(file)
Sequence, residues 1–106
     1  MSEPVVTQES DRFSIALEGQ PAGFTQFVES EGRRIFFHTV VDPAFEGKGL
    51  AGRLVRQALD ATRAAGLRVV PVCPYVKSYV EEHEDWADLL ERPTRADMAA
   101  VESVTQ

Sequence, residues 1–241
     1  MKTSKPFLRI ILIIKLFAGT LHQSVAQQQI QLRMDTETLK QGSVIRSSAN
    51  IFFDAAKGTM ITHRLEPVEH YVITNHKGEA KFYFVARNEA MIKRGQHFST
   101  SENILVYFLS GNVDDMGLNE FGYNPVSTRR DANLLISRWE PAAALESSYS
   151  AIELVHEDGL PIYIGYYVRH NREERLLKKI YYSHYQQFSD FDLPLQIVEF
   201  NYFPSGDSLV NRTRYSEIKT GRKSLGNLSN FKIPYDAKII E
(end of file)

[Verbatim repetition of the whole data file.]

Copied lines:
Sequence, residues 1–106
     1  MSEPVVTQES DRFSIALEGQ PAGFTQFVES EGRRIFFHTV VDPAFEGKGL
    51  AGRLVRQALD ATRAAGLRVV PVCPYVKSYV EEHEDWADLL ERPTRADMAA
   101  VESVTQ

Sequence, residues 1–241
     1  MKTSKPFLRI ILIIKLFAGT LHQSVAQQQI QLRMDTETLK QGSVIRSSAN
    51  IFFDAAKGTM ITHRLEPVEH YVITNHKGEA KFYFVARNEA MIKRGQHFST
   101  SENILVYFLS GNVDDMGLNE FGYNPVSTRR DANLLISRWE PAAALESSYS
   151  AIELVHEDGL PIYIGYYVRH NREERLLKKI YYSHYQQFSD FDLPLQIVEF
   201  NYFPSGDSLV NRTRYSEIKT GRKSLGNLSN FKIPYDAKII E